Are today's pupils worse at maths than those of the 1970s?

22 June 2012

"Teenagers 'worse at maths than in 1970s', figures show"

Daily Telegraph, 21 June 2012

A major row erupted yesterday after plans to replace GCSE exams for school children with O-Level style alternatives were leaked to the Daily Mail, sparking consternation in the Liberal Democrat half of the Coalition.

Proponents of the shake-up - including the Mail itself - claim that reform is necessary to address falling standards, and this line of argument seems to be supported by claims in the Telegraph that pupils today are worse at maths than they were in the 1970s.

But can we be sure that this is really the case?


According to the Telegraph, pupils' declining attainment in maths can be charted by the increased proportion that fail to reach basic standards. It notes:

"The number of 14-year-olds with a poor grasp of maths has doubled since the mid-70s... Research shows that the proportion of pupils with the very worst skills has increased from seven to 15 per cent over the period."

The research being quoted here was produced by Dr Jeremy Hodgen, a lecturer in education and professional studies at King's College London, and was referenced by Conservative MP Liz Truss when she called for maths to be a required subject for 16-18 year olds yesterday.

Full Fact got in touch with Ms Truss's office, and they were able to provide us with the research.

From this, it is easy to trace the origin of the Telegraph's claim. Dr Hodgen points out:

"[Attainment tests] indicate a slight decline in attainment over the 30 year period. There is marked increase in the proportion of students who do not achieve Level 1 (from 7% in 1976 to 15% in 2008/9)."

We can also see from his findings that the proportion of students showing the highest aptitude has shrunk over the same period.

The research makes clear that the questions in the 1976 and 2008/9 test were identical, and so the figures are comparable.

However we have to be a little cautious with these results. As Dr Hodgen makes clear in his paper, what he is measuring is Year 9 pupils' attainment in ratio tests specifically (problems involving doubling, trebling, or multiplying by non-whole number ratios), rather than aptitude for maths more generally. This makes the Telegraph's headline difficult to substantiate on this basis alone.

Full Fact has attempted to get in touch with Dr Hodgen to ask whether we can accurately trace a decline in maths standards generally over the past 30 years, however unfortunately he wasn't available to comment today. We hope to update once we have heard back from him.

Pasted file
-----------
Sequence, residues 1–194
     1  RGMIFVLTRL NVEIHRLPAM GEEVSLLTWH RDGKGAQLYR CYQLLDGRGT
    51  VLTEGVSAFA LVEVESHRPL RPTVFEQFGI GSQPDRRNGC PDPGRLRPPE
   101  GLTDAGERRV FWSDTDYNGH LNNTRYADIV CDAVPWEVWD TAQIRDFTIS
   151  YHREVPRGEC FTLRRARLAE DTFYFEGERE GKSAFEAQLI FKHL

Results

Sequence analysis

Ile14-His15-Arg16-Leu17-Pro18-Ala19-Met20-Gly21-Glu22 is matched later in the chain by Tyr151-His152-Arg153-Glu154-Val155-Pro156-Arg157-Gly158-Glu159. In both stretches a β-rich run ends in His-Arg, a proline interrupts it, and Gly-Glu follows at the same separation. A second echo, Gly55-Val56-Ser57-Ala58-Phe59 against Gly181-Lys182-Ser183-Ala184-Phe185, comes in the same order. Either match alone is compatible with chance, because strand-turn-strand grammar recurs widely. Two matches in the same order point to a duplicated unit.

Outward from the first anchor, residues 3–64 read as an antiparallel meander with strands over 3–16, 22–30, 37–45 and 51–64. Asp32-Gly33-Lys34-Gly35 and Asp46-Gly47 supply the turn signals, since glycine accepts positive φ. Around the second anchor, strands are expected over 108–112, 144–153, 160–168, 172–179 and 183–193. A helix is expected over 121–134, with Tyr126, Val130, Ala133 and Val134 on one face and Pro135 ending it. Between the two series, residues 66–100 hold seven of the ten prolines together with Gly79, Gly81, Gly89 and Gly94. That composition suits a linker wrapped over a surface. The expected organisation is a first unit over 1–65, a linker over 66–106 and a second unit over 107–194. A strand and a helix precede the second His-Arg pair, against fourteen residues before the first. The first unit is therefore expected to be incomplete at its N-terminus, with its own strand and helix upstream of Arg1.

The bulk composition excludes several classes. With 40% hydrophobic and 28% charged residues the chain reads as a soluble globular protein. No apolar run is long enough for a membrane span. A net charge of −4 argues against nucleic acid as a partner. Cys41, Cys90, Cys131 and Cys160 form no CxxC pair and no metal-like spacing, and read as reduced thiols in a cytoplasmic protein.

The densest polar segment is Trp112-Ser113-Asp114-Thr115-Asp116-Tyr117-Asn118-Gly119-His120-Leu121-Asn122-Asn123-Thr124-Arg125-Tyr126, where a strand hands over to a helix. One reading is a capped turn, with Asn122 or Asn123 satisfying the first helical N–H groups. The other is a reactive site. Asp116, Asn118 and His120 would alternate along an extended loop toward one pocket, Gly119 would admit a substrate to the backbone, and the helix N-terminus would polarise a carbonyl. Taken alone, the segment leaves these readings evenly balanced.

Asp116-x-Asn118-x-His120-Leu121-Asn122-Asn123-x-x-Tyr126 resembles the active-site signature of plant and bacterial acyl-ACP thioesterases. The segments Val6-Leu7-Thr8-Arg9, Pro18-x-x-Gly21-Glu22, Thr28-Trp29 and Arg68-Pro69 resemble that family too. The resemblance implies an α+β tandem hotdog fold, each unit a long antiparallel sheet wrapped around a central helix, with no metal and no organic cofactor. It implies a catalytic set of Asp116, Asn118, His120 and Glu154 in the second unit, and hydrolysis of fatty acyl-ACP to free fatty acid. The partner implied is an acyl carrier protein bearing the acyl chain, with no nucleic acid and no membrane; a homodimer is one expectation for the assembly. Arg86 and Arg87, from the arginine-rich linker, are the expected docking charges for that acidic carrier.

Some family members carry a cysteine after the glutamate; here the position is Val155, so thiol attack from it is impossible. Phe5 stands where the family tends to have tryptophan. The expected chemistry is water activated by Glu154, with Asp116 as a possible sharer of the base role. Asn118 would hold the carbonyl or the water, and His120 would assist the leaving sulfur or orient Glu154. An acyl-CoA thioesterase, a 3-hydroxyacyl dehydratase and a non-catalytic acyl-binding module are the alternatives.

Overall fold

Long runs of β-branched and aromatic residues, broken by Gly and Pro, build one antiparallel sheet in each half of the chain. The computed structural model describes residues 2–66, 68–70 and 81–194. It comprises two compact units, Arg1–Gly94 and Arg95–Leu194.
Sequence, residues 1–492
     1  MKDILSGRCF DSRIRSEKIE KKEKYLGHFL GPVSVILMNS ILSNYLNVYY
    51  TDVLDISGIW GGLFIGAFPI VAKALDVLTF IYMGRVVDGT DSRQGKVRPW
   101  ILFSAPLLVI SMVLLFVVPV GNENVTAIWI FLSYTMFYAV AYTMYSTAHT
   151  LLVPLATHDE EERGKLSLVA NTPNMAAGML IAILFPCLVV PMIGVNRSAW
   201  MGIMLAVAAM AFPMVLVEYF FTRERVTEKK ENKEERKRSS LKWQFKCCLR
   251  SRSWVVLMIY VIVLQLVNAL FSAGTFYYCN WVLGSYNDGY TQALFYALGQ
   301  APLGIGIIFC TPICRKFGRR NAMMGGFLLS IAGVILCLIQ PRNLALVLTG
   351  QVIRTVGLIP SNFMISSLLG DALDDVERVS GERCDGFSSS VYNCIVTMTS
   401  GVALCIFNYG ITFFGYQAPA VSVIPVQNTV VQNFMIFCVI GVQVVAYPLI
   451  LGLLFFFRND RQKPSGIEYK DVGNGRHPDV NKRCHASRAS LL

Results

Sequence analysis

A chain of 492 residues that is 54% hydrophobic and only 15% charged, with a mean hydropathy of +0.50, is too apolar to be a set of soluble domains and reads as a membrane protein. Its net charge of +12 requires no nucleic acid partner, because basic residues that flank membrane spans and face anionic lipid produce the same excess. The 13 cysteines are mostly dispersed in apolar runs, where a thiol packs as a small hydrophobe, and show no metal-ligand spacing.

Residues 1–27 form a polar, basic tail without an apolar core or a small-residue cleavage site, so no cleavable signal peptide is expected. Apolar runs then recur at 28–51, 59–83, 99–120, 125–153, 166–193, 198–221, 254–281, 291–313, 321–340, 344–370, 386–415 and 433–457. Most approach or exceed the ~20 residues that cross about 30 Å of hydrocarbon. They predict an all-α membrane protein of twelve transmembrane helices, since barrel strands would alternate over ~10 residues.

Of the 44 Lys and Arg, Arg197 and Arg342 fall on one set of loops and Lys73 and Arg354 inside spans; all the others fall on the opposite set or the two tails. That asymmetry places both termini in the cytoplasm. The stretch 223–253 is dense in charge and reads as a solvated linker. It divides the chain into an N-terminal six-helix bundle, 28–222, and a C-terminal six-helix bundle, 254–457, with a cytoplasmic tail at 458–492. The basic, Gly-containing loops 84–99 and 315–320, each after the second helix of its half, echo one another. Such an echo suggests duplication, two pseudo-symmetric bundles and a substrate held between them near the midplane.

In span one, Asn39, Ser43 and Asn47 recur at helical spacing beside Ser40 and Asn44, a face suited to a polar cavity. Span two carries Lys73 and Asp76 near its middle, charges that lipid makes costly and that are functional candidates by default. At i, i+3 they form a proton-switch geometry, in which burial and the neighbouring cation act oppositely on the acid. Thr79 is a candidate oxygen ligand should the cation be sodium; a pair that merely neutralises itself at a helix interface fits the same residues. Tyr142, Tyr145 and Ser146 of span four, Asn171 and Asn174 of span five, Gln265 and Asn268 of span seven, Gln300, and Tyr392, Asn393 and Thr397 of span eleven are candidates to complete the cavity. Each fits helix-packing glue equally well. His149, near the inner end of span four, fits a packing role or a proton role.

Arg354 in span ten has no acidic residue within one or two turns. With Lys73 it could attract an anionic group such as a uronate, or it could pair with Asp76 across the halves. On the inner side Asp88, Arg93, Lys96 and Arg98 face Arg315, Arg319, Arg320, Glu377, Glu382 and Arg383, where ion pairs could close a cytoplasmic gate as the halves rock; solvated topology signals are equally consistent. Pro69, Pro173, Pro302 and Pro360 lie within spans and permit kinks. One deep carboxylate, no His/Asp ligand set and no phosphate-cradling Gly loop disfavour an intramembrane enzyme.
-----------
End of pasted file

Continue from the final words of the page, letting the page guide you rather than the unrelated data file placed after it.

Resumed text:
However it is interesting to note that Dr Hodgen was involved in another study back in 2009 that took a wider look at pupils' performance in algebra, ratio and decimals tests which found that "there has been little overall change in maths attainment since 1976."


While it is certainly accurate to say that pupils' ability to handle ratios has declined over the past 30 years based on Dr Hodgen's research, it is less clear that general maths ability has done likewise.

While we hope Dr Hodgen himself will be able to shed some light on this, his previously published work does seem to cast some doubt over whether the Telegraph can accurately claim that today's pupils are markedly worse at maths than those of the 1970s.

Update (27 June 2012):

Dr Hodgen has kindly been in touch to fill in some of the blanks left by the Telegraph report, and has confirmed that his research has found a similar decline in pupils' ability to handle fractions and algebra (although there was a slight increase in some aspects of pupils' understanding of decimals). His verdict is that the Telegraph's claim is fine "as a headline", which was exactly what it was.

There are of course many levels of complexity beyond this headline claim. Dr Hodgen pointed out that the Trends in International Mathematics and Science (TIMSS) study found a different trend. His explanation for this was that the National Numeracy Strategy moved the Maths curriculum closer to the areas tested by TIMSS, and that this study measured ability 3 months later than his study had.

So while it appears that the Telegraph headline is in fact a fair summary of Dr Hodgen's research, it does remain a live field of study.

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